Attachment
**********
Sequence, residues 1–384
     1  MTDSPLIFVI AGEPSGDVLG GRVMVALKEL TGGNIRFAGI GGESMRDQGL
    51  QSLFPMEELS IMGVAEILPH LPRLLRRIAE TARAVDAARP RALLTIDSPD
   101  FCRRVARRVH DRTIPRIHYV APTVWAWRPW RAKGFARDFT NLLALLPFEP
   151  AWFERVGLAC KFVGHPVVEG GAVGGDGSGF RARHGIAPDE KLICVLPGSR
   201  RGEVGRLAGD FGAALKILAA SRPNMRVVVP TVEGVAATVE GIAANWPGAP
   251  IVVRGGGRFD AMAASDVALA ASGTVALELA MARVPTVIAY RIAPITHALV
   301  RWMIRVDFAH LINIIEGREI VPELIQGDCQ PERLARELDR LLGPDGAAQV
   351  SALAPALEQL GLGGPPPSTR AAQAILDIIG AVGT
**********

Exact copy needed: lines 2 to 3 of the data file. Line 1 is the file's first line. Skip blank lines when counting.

     1  MTDSPLIFVI AGEPSGDVLG GRVMVALKEL TGGNIRFAGI GGESMRDQGL
    51  QSLFPMEELS IMGVAEILPH LPRLLRRIAE TARAVDAARP RALLTIDSPD